Moscow has its own ideas for tradeoffs with Washington. The Kremlin may be more interested than the White House in having a new arms reduction treaty because the aging Russian nuclear arsenals are shrinking anyway. But the U.S. is even more desperate to get Russia engaged on Afghanistan. The U.S.-led NATO forces in Afghanistan are further away from victory today than at any point in their seven-year-old operations against the Taliban and Al Qaeda. With the Pentagon beefing up its contingent in Afghanistan and militants stepping up attacks on the main route for U.S. military supplies through Pakistan, the U.S. badly needs safe routes. And Russia came forward one step at a time. In March, it allowed the Pentagon to transport non-lethal supplies by train across Russia. During Obamas visit, Moscow agreed to open its airspace for U.S. military transit to Afghanistan. However, U.S. hopes that the military transit agreement would also cover land routes through Russia did not materialise. This could be a subject for the next round of bargaining between Moscow and Washington.
While Russia is willing to help the U.S. in Afghanistan, it does not want American military presence in Central Asia or elsewhere in the former Soviet Union. Russia made its point clear when earlier this year its close ally, Kyrgyzstan decided to shut the only U.S. airbase in Central Asia. Since 2001, the base has served as a major logistic hub for the NATO forces in Afghanistan, handling about 15,000 personnel and 500 tonnes of cargo monthly. A week before Obamas visit to Moscow, Kyrgyzstan suddenly relented and agreed to transform the base into a transit centre. Medvedev praised Kyrgyzstans decision, saying it would help the joint effort of fighting terrorism. His message to Obama was: if you want us to cooperate on issues of concern to the U.S., you should accommodate Russian interests.
Obama has so far refused to remove two signposts of his predecessors policy on Russia support for NATO membership for Ukraine and Georgia and refusal to recognise what Medvedev described as Russias privileged interests in its neighbourhood. The sides remained sharply divided on the issue of Russias recognition of Georgias breakaway territories of South Ossetia and Abkhazia.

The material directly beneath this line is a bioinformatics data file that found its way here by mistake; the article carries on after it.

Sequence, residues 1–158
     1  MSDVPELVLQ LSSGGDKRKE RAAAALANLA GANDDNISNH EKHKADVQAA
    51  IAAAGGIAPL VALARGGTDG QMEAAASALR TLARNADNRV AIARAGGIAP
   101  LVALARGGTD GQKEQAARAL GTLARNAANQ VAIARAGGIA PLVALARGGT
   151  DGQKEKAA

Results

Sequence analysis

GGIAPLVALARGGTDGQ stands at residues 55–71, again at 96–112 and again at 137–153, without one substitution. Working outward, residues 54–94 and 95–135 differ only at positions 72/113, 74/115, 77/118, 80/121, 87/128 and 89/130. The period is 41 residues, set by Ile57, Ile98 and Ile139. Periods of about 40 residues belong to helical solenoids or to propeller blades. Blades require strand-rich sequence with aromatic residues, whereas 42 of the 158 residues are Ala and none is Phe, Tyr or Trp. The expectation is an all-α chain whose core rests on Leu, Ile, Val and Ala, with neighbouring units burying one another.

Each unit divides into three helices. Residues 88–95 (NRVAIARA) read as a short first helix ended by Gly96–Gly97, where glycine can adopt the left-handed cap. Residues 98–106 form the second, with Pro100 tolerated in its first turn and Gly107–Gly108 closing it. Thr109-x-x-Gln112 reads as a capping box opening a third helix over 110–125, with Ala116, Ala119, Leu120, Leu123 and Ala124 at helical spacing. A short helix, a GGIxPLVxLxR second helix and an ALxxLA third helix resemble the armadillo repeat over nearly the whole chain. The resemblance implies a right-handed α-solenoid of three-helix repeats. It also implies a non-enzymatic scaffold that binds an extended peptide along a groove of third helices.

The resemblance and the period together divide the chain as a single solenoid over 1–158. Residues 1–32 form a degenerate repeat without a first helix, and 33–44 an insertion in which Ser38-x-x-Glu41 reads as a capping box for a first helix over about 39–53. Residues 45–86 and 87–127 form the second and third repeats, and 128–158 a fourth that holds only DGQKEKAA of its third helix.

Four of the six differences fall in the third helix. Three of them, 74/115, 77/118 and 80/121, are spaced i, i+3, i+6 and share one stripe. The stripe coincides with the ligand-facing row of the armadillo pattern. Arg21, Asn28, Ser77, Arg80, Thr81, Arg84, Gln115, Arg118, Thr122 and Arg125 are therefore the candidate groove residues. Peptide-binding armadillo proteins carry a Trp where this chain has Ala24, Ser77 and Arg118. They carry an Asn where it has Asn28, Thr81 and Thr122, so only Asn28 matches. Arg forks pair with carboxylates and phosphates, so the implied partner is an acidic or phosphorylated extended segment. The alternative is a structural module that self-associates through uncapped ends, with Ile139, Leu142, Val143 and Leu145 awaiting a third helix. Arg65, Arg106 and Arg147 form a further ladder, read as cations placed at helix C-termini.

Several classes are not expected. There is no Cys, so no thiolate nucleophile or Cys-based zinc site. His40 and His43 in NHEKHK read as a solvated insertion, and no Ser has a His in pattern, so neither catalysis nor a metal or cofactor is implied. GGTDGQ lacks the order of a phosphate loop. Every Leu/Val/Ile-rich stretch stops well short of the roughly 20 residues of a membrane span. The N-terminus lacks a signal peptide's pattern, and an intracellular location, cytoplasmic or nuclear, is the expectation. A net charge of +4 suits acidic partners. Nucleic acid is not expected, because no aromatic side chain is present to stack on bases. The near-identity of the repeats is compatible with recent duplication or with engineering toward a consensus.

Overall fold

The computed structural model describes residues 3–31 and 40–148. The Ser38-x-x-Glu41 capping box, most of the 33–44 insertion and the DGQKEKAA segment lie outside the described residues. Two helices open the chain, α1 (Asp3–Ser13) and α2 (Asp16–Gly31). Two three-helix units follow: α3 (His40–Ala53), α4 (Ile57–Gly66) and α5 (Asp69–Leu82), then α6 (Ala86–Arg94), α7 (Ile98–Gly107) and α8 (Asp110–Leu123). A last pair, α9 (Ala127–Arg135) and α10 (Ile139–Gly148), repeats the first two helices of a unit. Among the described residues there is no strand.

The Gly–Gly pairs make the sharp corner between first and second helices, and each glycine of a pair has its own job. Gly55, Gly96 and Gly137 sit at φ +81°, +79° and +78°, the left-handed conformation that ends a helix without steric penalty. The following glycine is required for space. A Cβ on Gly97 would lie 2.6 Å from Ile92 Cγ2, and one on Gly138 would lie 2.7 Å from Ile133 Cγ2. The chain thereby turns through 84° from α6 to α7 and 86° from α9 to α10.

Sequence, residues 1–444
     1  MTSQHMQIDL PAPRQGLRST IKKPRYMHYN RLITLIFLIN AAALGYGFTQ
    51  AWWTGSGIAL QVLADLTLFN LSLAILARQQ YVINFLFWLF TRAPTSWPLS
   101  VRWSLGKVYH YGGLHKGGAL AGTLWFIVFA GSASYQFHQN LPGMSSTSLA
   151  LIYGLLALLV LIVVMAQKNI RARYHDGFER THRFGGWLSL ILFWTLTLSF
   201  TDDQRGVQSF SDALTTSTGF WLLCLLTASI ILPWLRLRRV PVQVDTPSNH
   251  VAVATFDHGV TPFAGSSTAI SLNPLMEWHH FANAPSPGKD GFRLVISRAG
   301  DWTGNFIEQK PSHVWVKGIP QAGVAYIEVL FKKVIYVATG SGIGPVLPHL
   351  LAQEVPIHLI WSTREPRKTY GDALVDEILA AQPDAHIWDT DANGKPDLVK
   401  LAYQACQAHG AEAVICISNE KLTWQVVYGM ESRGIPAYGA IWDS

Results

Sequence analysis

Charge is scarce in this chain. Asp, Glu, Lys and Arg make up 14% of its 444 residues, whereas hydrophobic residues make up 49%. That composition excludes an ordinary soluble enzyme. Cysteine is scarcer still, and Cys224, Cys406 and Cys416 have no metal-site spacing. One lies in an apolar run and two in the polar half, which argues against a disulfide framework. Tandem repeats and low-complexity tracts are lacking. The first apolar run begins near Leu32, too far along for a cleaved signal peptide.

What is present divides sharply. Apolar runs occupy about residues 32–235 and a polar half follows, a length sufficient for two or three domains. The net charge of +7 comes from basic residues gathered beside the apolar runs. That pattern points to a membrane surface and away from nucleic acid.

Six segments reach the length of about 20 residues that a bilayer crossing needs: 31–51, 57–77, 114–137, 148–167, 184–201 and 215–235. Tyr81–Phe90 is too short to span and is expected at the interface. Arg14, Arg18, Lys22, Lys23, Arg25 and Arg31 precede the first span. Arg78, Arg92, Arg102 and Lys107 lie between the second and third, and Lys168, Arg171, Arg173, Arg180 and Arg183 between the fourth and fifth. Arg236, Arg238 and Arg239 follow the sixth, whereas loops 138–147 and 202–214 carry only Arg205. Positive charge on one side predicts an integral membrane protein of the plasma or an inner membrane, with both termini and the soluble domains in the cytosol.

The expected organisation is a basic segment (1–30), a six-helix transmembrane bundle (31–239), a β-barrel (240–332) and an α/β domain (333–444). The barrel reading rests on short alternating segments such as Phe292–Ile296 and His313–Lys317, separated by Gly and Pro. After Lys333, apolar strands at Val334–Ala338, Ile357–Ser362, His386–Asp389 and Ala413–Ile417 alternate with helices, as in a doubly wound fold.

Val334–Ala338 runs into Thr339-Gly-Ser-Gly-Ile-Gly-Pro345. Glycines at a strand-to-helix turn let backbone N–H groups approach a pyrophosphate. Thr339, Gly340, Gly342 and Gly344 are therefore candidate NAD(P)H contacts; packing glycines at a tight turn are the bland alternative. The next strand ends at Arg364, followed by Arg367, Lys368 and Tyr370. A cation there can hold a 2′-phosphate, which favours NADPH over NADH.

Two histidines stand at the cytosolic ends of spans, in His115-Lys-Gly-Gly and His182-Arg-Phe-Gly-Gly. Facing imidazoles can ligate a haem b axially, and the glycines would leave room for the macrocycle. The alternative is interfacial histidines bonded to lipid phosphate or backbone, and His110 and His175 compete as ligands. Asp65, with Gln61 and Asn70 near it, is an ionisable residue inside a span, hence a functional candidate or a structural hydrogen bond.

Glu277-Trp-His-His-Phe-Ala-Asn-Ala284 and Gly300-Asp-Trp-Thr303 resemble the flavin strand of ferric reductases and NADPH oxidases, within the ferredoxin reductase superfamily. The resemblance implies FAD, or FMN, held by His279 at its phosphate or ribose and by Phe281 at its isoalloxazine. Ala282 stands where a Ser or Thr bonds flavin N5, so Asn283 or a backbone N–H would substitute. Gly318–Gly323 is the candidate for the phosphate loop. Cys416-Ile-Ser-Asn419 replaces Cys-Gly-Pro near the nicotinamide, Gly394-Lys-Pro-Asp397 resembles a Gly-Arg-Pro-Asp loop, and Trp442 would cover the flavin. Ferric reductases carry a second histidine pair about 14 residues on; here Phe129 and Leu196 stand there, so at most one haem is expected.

Russian leaders are aware that Obama faces a strong neoconservative opposition at home to his reset agenda with Russia.
Many of Obamas advisers on Russia, including Vice-President Joe Biden, are former Cold War warriors who advocate selective engagement with Russia. They dismiss Russias security concerns as an outdated habit of seeing the world in zero-sum terms and tout the yawning divide between the two countries in terms of values, as McFaul put it. It is McFaul-type advisers that must have persuaded Obama to try and drive a wedge in the Kremlin ruling tandem. Ahead of his visit to Russia, Obama praised Medvedev as a thoughtful and progressive leader that the U.S. can do business with, while describing Prime Minister Vladimir Putin, his predecessor and tutor, as a man of the past who has one foot in the old ways of doing business and one foot in the new.
Apart from Putins ironic retort that Russians dont stand in bow-legged pose, the Russian leaders chose to ignore Obamas gaffe. The Kremlin rightly paid more attention to the fact that Obama put Moscow ahead of Tokyo or Beijing in scheduling his first foreign trips. It did not go unnoticed in the Kremlin either that Obama abandoned Bushs self-righteous rhetoric on Russias backslide on democracy even in his meetings with Russian opposition leaders and non-government organisations. Obamas hosts also appreciated his striving and ability to look at issues through the eyes of his interlocutor, according to the Russian Foreign Ministry spokesman. Medvedev said he found it easier to deal with Obama than with Bush.
What is important is that neither side allowed their disagreements to overshadow the summit. Both sides acknowledged the pressing need to reverse the deterioration in relations over the past few years. Both agreed to concentrate on issues where interests converged and to expand gradually the bilateral agenda to tackle more contentious problems.